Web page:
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Steelers Primary complaint is play of secondary

Monday, September 08, 2003

By Dejan Kovacevic, Post-Gazette Sports Writer

Early in the week, Baltimore Ravens coach Brian Billick, wary of a trash-talking duel, ordered his defensive backs to stay quiet about the Steelers' wide receivers.

Steelers wide receiver Plaxico Burress slips away from Ravens cornerback Corey Fuller to bring in a pass for an 8-yard gain in the second quarter. (John Beale, Post-Gazette)
Click photo for larger image.

At no point, though, did he advise them to stay away from them, something which was not terribly evident in the Ravens' 34-15 loss yesterday at Heinz Field.

"We knew what they wanted to do, and we knew what we had to do," cornerback Corey Fuller said. "You would never know we spent eight days -- no, eight months -- preparing for this game. ... It's not like we practiced all that time just to say, 'Oh, y'all run free.' It didn't go down like that."

But the Ravens' secondary did go down. And hard.

Time and again, Hines Ward and Plaxico Burress found open space in the Baltimore secondary that could rival the Great Lawn outside the stadium, reeled in passes from quarterback Tommy Maddox and sprinted off with big yardage. Ward finished with nine catches for 91 yards, a 10.1 average per catch. Burress had six catches for 116 yards, a 19.3 average. Maddox completed 21 of 29 passes for 260 yards and three touchdowns. Together, they burned the Ravens in single coverage, double coverage, nickel, dime, any formation they saw.

"When you make little mistakes against a team like Pittsburgh, they can turn it into something big," linebacker Peter Boulware said. "And we made a lot of little mistakes."

The first might have been made by the coaching staff in frequently allowing Fuller and fellow cornerback Chris McAlister to match up one-on-one with Ward and Burress early on. Of eight first-half passes Maddox attempted to Ward or Burress with Fuller or McAlister providing primary coverage, eight resulted in completions.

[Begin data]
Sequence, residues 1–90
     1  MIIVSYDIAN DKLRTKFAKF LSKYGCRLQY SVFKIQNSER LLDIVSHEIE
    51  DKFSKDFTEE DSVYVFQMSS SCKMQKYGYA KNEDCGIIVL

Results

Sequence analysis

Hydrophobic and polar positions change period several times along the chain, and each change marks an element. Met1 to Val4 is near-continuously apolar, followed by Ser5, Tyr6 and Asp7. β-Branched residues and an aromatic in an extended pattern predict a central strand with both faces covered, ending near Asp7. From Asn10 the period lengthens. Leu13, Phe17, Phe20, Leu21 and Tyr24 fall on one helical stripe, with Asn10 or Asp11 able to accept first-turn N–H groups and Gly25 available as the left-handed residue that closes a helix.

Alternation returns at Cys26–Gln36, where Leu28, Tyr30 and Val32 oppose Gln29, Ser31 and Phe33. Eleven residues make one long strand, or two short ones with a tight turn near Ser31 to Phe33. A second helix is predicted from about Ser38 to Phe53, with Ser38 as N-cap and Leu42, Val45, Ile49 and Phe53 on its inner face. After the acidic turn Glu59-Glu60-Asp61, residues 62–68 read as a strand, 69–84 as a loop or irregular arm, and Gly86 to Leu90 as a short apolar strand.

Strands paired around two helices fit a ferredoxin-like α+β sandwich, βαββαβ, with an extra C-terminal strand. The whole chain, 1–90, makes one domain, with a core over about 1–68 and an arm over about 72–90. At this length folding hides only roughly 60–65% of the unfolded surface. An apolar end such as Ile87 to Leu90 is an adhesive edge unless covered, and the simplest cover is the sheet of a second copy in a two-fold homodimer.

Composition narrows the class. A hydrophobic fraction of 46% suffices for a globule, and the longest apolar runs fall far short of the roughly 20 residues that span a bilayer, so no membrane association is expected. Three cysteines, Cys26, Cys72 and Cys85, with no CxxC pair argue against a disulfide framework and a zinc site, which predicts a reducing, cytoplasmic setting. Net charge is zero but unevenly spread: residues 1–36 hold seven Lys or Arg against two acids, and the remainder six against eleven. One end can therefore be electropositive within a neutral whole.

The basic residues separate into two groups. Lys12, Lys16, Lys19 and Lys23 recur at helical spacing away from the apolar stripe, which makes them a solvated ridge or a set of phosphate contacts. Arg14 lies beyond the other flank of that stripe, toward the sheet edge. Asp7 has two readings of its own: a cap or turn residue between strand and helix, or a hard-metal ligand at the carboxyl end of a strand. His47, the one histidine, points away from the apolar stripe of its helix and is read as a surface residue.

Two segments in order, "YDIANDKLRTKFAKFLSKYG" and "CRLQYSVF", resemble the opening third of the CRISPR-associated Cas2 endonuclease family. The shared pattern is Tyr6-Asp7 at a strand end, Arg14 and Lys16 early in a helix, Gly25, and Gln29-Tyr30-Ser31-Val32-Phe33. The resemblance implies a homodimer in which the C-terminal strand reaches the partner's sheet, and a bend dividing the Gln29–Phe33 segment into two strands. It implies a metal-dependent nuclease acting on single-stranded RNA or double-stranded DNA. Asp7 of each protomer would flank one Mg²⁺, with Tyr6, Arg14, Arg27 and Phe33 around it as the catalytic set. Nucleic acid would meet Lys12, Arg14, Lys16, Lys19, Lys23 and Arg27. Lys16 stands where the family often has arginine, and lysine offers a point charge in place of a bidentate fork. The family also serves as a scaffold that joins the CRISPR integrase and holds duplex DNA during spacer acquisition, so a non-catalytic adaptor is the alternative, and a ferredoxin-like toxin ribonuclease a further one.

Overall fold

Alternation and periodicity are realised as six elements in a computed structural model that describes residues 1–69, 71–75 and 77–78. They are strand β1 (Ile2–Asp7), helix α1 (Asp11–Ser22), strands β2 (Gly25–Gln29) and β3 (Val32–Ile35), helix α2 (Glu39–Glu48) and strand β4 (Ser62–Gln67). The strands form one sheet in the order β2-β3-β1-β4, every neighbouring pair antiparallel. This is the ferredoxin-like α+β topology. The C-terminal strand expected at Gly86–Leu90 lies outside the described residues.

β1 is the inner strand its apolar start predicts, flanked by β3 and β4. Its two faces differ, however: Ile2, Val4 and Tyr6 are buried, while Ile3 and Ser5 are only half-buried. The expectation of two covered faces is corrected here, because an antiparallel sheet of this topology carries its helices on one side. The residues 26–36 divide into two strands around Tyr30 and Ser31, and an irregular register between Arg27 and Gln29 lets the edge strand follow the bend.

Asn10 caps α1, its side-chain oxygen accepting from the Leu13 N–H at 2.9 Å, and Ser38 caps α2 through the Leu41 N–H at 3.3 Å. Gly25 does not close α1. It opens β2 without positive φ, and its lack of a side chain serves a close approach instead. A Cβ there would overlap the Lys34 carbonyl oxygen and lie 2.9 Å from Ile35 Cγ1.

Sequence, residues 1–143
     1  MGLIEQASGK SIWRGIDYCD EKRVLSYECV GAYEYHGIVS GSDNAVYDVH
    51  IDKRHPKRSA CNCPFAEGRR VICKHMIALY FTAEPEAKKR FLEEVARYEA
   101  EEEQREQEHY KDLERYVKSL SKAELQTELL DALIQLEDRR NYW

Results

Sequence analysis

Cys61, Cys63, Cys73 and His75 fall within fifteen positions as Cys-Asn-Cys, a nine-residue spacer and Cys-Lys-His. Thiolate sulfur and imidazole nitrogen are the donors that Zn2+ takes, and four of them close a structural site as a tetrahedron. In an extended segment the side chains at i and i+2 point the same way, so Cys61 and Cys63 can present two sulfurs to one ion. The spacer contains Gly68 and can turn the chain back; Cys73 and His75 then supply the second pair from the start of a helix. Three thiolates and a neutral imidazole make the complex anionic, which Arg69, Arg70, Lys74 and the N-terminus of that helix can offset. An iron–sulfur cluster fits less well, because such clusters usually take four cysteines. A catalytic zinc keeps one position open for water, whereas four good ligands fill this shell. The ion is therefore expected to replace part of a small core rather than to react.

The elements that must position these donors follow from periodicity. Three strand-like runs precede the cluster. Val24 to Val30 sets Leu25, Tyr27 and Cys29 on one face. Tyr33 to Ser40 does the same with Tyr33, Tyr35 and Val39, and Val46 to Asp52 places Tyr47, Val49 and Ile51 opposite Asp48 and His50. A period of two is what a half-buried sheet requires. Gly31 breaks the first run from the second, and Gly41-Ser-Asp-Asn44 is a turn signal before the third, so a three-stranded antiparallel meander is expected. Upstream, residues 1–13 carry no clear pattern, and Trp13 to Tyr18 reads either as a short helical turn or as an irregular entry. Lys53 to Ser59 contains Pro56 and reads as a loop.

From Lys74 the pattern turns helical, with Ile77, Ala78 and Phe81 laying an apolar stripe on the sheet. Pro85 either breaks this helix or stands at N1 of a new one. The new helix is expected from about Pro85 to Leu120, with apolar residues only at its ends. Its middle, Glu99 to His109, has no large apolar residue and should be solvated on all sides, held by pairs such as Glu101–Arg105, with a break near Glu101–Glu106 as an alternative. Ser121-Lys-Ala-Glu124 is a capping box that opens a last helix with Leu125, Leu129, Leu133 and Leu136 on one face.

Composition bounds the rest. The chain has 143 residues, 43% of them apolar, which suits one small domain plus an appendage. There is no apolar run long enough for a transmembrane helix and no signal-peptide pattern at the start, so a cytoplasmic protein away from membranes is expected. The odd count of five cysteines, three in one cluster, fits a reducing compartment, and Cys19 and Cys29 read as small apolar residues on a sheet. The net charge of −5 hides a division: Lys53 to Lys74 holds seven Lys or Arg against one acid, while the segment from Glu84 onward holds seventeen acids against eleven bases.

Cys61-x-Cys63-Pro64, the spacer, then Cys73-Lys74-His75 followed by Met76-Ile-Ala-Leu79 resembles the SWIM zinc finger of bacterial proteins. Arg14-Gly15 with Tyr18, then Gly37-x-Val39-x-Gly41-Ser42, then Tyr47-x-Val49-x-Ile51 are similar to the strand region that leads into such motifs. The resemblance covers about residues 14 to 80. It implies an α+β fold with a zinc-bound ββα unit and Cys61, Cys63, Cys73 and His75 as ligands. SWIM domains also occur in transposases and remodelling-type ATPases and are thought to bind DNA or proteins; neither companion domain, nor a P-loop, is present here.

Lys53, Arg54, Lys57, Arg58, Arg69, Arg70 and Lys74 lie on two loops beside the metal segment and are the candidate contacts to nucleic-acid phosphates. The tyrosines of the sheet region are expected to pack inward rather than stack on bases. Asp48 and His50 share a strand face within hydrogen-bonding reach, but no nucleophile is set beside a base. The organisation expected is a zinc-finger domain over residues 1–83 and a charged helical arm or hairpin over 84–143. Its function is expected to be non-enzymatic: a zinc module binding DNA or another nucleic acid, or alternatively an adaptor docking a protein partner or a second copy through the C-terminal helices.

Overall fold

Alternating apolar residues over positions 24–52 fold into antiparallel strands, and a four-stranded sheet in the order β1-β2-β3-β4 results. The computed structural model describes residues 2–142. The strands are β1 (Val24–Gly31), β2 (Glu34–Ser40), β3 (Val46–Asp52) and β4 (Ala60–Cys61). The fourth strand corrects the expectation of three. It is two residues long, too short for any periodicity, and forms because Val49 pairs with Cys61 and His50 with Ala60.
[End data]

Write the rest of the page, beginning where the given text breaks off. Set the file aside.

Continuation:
Exacerbating the problem was the lack of a pass rush to force Maddox's hand. He was sacked twice for 9 yards in losses but mainly had plenty of time to see the field and find his receivers.

But worst by far was the abysmal performance of the defensive backs, whose miscommunications and mishaps were the dominant element of the Ravens' defeat.

And this from a defense which had been touted by some as ranking among the NFL's elite.

McAlister, a long-beleaguered victim of Burress, declined to give interviews after the game, but Fuller and others had plenty to say. And they were far more focused on their errors than the Steelers' excellence.

"I don't respect them, nor do I disrespect them," free safety Gary Baxter said. "Hines Ward and Plaxico Burress ... everything they got, we gave them. We let it happen to us. It was just one of those days that it went bad for us. But we're not going to get caught up in Hines and Plaxico or any of the numbers that they put up against us. We know that we're good. We've just got to figure things out."

"We did everything the opposite of what we usually do," linebacker Ray Lewis said. "You know what they did today? They came out and said, 'Look, this is how simple we're going to make it.' And we did something else. ... If Pittsburgh beat us, I can take it. But to play like this ... "

Fuller, always a champion talker during and after games, was making his Ravens debut after four years of bitter encounters with the Steelers as a member of the Cleveland Browns. He made it through only a half of this one because of a leg injury, but that did not prevent him from holding court afterward with the media, as usual.

He shared his teammates' view that the Ravens had more to do with the outcome than the Steelers.

"I think it's more what we did to ourselves than what they did to us," Fuller said. "I mean, give them credit. Those guys aren't 1,000-yard receivers for nothing. They had a good game. But there's no way you can picture the Baltimore Ravens' defense playing like that."

Several of the Ravens' defenders accused Ward and Burress of excessive trash-talking during the game, and Fuller was particularly incensed by a second-quarter incident in which Burress was flagged for taunting but actually shoved Fuller's helmet after Fuller was slow to release him from a tackle.

"I didn't get caught up in the talk, but I didn't like that Plaxico got up off the ground and pushed me in my face," Fuller said. "I don't know what it is with these guys, where they think this is some kind of personal thing. We play hard, what's inside the whistles. All that extra pushing and stuff is easy because the ref's going to stop you, your teammates are going to jump in. ... You really want to see how tough you are? Every day, we walk past each other in Florida and stuff like that. ... They've got this false reputation where they think they're tougher than they are."

"We can't get caught up in all the trash-talking they were doing," Baxter said. "They got the best of us today, but I don't respect any one of them."

Fuller closed his interview session with a parting shot at the Steelers, although it might have been easy to misinterpret his target:

"If they think they're going to get that lucky every Sunday, they're crazy."


Dejan Kovacevic can be reached at dkovacevic@post-gazette.com or 412-263-1938.

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